“Energy Transfer spokeswoman Vicki Granado said the company is on schedule to complete its pipeline this year.
“’Currently, we have said that we anticipate we will meet the targeted in-service goals of July 2017 for Phase I and November 2017 for Phase II,’ she wrote in an email.”
The Atlantic Coast Pipeline will run 600 miles from Harrison County, West Virginia, through Virginia and into North Caroline, supplying about 1.5 Bcf per day of Marcellus and Utica gas to consumers in Virginia and North Carolina.
Like other pipelines, this project could bring incredible economic impacts to the three states it will run through if approved. It will support 17,240 jobs during construction and 2,200 operation jobs. It is also estimated that the gas brought through the Atlantic Coast will save consumers in Virginia and North Carolina an estimated $377 million annually.
Additionally, a 2015 report found that county and municipal property taxes paid by the proposed pipeline would be in excess of $30 million annually. Chmura Economics & Analytics also issued a report that found the pipeline would generate an average of $456.3 million yearly into the economy of the three-state combined region.
The project is currently in the comment period for the draft Environmental Impact Statement issued by FERC in January, and is still awaiting permits. Union groups like LiUNA have expressed their support of the project, and 89 percent of Virginia’s voters — where nearly two-thirds of the landowners along the pipeline’s route reside — believe that new infrastructure will have a positive impact in the state. If approved by FERC, the pipeline could go into construction in late 2018.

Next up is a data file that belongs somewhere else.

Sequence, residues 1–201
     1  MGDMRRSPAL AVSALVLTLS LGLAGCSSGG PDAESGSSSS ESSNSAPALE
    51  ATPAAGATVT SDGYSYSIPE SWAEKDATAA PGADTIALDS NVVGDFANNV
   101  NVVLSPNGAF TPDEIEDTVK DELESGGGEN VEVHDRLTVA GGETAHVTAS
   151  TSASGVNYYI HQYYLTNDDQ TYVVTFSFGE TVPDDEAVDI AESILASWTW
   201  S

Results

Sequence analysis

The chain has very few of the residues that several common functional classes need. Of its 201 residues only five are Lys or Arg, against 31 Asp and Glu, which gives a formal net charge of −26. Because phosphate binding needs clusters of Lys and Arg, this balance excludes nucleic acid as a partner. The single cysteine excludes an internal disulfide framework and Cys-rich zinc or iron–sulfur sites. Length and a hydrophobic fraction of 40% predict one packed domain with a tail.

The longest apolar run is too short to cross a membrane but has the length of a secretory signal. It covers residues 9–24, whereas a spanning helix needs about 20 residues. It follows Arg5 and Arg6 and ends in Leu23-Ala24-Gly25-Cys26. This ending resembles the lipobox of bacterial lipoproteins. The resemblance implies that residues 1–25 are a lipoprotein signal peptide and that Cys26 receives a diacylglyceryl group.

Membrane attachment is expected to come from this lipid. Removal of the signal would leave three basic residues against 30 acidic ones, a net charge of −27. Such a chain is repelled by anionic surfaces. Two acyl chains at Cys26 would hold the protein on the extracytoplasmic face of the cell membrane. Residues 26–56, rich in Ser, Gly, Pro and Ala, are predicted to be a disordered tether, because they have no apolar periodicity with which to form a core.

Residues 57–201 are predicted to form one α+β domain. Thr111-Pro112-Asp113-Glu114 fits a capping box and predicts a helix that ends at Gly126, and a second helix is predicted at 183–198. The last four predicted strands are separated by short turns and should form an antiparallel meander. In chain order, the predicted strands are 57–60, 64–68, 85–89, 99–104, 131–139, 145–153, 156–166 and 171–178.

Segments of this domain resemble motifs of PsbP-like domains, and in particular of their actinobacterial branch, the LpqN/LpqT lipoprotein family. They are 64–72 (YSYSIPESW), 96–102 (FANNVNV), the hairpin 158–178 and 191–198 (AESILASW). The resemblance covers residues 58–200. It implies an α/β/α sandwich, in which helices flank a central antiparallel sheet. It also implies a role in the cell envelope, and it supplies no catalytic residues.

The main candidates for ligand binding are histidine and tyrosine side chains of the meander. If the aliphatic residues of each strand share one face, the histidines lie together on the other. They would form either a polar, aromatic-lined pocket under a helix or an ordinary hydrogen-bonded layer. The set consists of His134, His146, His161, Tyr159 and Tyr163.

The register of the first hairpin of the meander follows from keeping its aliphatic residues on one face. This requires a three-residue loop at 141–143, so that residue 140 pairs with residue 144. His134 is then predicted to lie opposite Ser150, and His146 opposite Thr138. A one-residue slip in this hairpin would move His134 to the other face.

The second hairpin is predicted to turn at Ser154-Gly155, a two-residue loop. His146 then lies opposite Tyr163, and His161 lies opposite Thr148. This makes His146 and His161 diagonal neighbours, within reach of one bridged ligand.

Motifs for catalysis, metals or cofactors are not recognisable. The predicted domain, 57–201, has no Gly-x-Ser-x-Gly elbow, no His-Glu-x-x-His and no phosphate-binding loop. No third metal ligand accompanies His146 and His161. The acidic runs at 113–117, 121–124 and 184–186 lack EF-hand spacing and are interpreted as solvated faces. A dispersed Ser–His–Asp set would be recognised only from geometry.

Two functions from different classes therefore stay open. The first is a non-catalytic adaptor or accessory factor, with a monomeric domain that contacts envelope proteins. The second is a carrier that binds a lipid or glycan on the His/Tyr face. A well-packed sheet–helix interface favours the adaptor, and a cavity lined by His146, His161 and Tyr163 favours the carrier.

The approval and progress made by FERC toward these pipelines is monumental and is a step in the right direction to get Marcellus and Utica gas into markets across the country and the world.
But at the same time, several pipelines that have faced opposition from a vocal minority are still awaiting FERC approval, with the Penn East Pipeline being a prime example. Additionally, pipelines like the Constitution and Atlantic Sunrise are being held up at the state level despite having all the necessary federal permits to begin construction and the growing need for more natural gas that those lines could supply.
So although February has thus far been a month of considerable pipeline progress, challenges remain in developing the infrastructure needed to deliver the American people shale gas that has resulted in energy costs falling to all-time lows.